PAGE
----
Volunteers on Svalbard are training rescue dogs to help save lives during avalanches

After a fatal avalanche hit Longyearbyen on Svalbard in 2015, a group of dog-loving volunteers decided to start Norwegian Search and Rescue Dogs Svalbard. Today, the organisation has educated certified equipages to do searches in high-risk operations for missing people in avalanches and in the wilderness.

The volunteers had no previous experience and training in the field, but like everyone else in Longyearbyen, they participated in the search for missing people after the major and fatal avalanche in 2015.  

Inspired by this unsettling event, the group started training in 2016 and today the dog handlers meet two-to-three times per week to train the dogs together. Amongst their dogs we have a Toller, a Hunting Labrador, a Border Collie, and a German Shepherd. The organisation cooperates with the Red Cross and the Governor of Svalbard. Instructors from the Norwegian Search and Rescue Dogs come from the mainland to teach. In addition to the two certified equipages, six more are training to reach the top level of education as we speak. 

As Norwegian Search and Rescue Dogs Svalbard is a humanitarian non-profit voluntary organisation, the need for sponsors is crucial in keeping the organisation active. Hurtigruten Foundation is a proud sponsor of the organisation and has now been supporting Norwegian Search and Rescue Dogs Svalbard for five years, but our collaboration is more than just financial support. When instructors from the mainland visit Svalbard to educate the equipages, they are supported with free hotel rooms, meeting rooms and dinners by the Hurtigruten Foundation in cooperation with Hurtigruten Svalbard. 

Voluntary work has a strong standing in Norway and especially in small societies, such as Longyearbyen, where every person contributing is needed to make projects come alive and stay active.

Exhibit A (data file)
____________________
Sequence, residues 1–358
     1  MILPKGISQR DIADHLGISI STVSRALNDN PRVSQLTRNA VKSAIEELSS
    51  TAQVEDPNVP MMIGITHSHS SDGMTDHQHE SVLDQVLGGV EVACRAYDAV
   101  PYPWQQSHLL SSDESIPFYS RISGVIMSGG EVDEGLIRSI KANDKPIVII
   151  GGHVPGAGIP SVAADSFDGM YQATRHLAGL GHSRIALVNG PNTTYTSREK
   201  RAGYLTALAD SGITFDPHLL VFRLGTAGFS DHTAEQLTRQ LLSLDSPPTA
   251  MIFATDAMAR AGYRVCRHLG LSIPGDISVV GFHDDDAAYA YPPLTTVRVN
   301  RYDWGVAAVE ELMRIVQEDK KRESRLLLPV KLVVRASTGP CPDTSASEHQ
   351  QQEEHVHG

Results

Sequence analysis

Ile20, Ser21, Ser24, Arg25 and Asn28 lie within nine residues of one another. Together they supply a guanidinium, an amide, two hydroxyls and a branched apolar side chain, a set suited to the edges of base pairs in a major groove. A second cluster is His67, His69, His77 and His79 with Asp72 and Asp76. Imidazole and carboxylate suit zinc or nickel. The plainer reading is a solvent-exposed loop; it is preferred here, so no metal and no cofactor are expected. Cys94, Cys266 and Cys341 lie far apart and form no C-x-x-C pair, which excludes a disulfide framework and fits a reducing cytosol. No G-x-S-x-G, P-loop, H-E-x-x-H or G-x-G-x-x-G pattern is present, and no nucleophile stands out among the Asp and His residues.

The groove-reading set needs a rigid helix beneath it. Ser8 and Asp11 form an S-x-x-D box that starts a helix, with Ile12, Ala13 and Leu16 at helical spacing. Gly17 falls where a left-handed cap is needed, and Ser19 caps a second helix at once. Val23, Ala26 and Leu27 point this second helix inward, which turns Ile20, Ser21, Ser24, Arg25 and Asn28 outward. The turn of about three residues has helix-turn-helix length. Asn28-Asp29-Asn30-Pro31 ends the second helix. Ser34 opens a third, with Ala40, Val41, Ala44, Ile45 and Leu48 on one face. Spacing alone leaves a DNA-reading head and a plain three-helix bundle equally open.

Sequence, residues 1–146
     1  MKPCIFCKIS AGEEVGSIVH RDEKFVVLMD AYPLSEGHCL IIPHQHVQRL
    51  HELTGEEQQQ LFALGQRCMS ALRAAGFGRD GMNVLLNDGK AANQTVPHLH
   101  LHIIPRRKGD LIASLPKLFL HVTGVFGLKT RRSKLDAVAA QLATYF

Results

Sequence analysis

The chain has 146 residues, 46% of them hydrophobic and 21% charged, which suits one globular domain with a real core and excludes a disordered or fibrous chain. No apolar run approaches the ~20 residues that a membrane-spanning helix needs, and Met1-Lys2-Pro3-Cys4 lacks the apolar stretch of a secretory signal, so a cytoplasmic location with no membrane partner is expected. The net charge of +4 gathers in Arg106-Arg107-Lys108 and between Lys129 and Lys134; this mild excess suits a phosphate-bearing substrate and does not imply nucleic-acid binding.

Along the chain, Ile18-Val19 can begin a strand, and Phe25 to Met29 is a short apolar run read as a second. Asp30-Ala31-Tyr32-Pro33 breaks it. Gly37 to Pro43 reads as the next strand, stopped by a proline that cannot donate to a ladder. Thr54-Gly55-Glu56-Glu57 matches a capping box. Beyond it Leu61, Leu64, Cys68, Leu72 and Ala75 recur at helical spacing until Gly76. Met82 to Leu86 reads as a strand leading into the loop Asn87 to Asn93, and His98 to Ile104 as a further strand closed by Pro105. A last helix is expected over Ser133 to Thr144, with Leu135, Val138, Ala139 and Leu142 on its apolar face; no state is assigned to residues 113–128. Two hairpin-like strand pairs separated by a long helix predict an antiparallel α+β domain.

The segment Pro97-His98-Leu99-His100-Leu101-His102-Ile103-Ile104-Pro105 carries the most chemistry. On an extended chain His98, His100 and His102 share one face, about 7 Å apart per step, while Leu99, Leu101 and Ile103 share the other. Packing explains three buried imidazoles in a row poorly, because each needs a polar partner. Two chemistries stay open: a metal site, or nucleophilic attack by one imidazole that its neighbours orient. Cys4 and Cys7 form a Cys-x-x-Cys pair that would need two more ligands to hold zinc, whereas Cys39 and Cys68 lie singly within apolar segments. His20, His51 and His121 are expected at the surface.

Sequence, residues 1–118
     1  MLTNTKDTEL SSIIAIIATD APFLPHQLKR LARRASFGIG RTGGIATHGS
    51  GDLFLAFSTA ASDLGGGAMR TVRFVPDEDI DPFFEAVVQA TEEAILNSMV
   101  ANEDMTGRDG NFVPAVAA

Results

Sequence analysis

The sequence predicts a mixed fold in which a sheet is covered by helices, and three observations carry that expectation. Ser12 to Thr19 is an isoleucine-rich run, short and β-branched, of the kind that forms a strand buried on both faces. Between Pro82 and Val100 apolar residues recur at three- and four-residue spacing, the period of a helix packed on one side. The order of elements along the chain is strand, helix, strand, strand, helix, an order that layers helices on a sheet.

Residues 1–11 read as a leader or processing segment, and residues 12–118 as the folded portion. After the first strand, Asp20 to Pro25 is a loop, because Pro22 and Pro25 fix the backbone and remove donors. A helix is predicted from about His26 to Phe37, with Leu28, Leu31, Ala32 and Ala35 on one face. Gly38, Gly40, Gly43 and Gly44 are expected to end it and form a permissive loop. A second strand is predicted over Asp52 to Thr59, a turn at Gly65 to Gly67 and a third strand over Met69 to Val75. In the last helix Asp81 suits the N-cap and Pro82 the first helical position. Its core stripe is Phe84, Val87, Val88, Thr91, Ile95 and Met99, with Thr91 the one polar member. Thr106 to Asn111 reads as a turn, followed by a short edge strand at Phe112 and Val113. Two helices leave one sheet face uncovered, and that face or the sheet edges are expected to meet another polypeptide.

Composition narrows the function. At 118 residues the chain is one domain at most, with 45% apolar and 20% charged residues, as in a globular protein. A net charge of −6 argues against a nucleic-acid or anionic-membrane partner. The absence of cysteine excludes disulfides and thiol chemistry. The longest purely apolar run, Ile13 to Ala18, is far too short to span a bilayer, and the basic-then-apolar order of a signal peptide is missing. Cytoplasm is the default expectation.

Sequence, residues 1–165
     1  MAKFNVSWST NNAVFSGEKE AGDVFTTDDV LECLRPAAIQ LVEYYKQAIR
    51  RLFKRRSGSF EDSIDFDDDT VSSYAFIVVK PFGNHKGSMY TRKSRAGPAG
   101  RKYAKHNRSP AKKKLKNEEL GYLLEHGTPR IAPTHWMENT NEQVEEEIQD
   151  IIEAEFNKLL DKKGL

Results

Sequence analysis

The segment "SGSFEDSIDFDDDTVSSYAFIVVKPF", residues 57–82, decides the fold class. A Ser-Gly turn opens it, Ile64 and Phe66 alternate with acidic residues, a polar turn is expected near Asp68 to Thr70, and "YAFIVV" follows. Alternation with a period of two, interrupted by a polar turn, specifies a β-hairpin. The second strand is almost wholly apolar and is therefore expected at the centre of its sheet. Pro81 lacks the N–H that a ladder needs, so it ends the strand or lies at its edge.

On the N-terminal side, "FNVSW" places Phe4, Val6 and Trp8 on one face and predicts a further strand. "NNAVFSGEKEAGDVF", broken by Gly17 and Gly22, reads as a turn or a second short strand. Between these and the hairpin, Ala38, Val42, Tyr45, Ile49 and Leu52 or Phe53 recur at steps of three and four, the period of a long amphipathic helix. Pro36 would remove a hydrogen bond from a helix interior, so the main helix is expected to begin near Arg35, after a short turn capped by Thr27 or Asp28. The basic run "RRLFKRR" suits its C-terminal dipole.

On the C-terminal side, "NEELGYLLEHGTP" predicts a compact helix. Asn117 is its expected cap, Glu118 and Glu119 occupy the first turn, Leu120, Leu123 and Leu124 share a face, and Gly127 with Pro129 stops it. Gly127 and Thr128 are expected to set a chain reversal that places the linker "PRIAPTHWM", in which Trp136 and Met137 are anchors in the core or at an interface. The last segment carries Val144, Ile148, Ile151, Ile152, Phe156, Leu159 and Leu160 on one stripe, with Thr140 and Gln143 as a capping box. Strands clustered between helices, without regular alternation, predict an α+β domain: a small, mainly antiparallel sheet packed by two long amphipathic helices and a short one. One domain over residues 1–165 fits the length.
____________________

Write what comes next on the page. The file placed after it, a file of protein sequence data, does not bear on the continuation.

“Norwegian Search and Rescue Dogs Svalbard are very grateful for the continued support from Hurtigruten Foundation. Without the support we would not be able to educate the rescue equipages. It enables us to have close contact with the instructors on the mainland so we can develop and improve. It takes three to four years to educate an equipage. It demands hours and hours of training before the dog and the dog handler are ready for an exam, which is taken on the mainland. The dog handlers must take time off work to do this. So, all in all, this education requires a lot of resources,” says Elisabeth Johannessen from the organisation.  

The volunteers spend a lot of time with their dogs through the training and they are driven by how personally fulfilling it is, in addition to being a very important contribution to the local society. The arctic nature and weather on the island of Svalbard is both arduous and unpredictable, so the search and rescue dogs are much needed when accidents occur. Going forward Norwegian Search and Rescue Dogs Svalbard will continue to focus on recruiting and training new equipages to their organisation.

Where can I learn more? 

The Hurtigruten Foundation believes in collaborating for change and after six years of funding important projects, we are happy to see results and visible difference being made by the organisations that we are supporting. Do you wish to apply for funding? You can read more about the foundation here

About Norwegian Search and Rescue Dogs Svalbard 

Norwegian Search and Rescue Dogs Svalbard is a voluntary non-profit organisation that trains dogs to become certified search and rescue dogs for callouts, performing searches in avalanches and wilderness after missing people on Svalbard.